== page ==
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There’s a new label to vet brands’ climate change pledges

There’s a new label to vet brands’ climate change pledges


It’ll tell consumers whether a brand has offset its greenhouse gas emissions

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Courtesy of Climate Neutral

A nonprofit organization is trying to give consumers an easy way to make sense of the flood of environmental pledges that companies are suddenly making, with a new product label. Kickstarter and Klean Kanteen are two of the 135 brands that have been “Climate Neutral Certified” by the nonprofit, Climate Neutral. 

To be carbon neutral, a company needs to essentially cancel out all its heat-trapping pollution. It might do this by investing in tree-planting efforts or emerging technologies that capture carbon dioxide. Purchasing those carbon offsets or credits, however, is no replacement for actually cutting down greenhouse gas emissions. And as bigger and bigger polluters, including Delta and BP, make their own pledges to become carbon neutral, there’s growing uncertainty over what it will take for a company to actually achieve those aims. Who will hold them accountable? 

Who will hold them accountable? 

Climate Neutral launched last year with the hopes that when consumers see its Climate Neutral Certified label on a brand, they can rest assured that the company’s green efforts are legitimate. The Verge spoke with Climate Neutral CEO Austin Whitman about how to know when a company’s promises to take on climate change are good, or greenwashing — which happens when a company tries to appeal to environmentally conscious consumers without actually taking any serious environmental action. This interview has been lightly edited for length and clarity.

Austin Whitman
Austin Whitman
Courtesy of Climate Neutral

If a brand has this Climate Neutral Certified label on it, what does that essentially mean?

Certifying those companies effectively means that we are helping them estimate their carbon emissions — including their supply chain emissions, everything it takes to make and deliver their products to their customers. And then, we are requiring them to buy carbon offsets because it’s [the previous year’s] footprint that we’re measuring. In order to claim carbon neutrality, they’ve got to offset the whole thing. 

They also have to provide a reduction action plan for us, which is a forward-looking plan that says, over the next 12 to 24 months, I’m going to reduce emissions from, you know, one source over here by 15 percent, another source over here by 5 percent, and so forth. And then the final step is we authorize them to use our label, which then goes out into the world on their products and their marketing materials and communications.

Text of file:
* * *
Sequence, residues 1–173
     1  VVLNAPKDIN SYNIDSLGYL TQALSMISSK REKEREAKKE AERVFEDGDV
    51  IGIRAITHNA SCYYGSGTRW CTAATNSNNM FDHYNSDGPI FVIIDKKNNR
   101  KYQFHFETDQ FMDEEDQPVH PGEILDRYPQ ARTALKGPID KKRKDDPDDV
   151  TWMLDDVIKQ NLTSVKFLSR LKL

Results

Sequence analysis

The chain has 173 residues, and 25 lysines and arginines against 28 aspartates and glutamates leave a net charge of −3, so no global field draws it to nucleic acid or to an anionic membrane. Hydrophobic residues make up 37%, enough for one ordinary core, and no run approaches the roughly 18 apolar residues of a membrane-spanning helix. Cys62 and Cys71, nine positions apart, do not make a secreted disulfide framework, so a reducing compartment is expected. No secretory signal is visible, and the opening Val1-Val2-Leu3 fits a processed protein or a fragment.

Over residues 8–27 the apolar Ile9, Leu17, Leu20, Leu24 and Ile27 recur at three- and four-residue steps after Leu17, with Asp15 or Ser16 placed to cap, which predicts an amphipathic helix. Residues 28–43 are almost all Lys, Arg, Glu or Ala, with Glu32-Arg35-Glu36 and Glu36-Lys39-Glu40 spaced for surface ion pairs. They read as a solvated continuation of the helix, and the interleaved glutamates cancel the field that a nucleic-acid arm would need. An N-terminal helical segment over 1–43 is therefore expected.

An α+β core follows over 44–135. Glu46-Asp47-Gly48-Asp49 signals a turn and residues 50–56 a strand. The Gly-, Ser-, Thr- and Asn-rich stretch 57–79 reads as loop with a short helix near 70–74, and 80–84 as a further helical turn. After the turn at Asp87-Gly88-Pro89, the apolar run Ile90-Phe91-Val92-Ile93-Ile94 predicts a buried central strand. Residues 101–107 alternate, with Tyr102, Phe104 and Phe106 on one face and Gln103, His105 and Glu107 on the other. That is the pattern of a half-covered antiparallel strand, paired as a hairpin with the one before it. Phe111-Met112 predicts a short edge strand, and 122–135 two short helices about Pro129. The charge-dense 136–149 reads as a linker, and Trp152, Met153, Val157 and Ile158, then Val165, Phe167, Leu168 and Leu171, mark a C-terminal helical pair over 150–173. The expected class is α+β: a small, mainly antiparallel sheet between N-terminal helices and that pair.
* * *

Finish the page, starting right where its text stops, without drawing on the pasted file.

It is all self-reported data. We can do a pretty decent job of predicting what their footprint should be. So if someone comes to us and says their footprint is 20 percent of what we expect it to be, we’re going to dive deeper into those numbers and actually ask them to substantiate that. For companies that are over $100 million, we require a third-party verification.

Have you had to deny certification to anyone in order to maintain the integrity of your label?

We’ve had a couple cases where companies have said they want to use carbon credits that are not verified, it doesn’t meet our standards. We’ve had to tell them that unless they’re willing to comply with that piece of the certification, we can’t certify them. We’ve had a couple companies come to us and say that, “We want to do this, but we don’t have the ability to offset our entire footprint. Can we only do a given product?” And we basically say no, this is a brand-level service. We just think it’s too confusing to consumers, and frankly invites greenwashing for a company to be allowed to pick one product from their product line, just certify that one, and then boast about carbon neutrality.

There’s a lot of carbon neutral chatter out there now. Many companies will say, “Oh, we’re carbon neutral for our corporate headquarters and one of our factories.” And that’s kind of the extent of their claim. No one’s looking at how much of a share of their footprint that actually represents, they’re just saying “Hey, that’s cool that the company is doing something that’s great for the environment.” But if we want to take the need to [globally reach net-zero carbon emissions] by 2050 seriously [Ed. note: The United Nations panel of climate scientists set this as a target in order to avoid more catastrophic effects of climate change] we’ve got to stop accepting very incomplete pledges.

“We’ve got to stop accepting very incomplete pledges.”

Are there going to be bigger challenges when it comes to certifying companies like, say, BP, which said it aims to be carbon neutral by 2050?

We won’t certify a BP, a fossil fuel company. The math simply doesn’t work out to offset the entire carbon footprint in the production and consumption of fossil energy. There aren’t that many carbon offsets in the world. So we’re staying away from commodity providers, cement and fossil energy, and so forth. We’re really focusing on the brand level. 

Are we in a unique moment where we’re going to be seeing more of these types of pledges? 

Things are fundamentally different now around the politics of climate, around consumer awareness, and around employee and professional engagement on the topic. There’s absolutely no question that we’ve reached a tipping point. That will force companies to do more.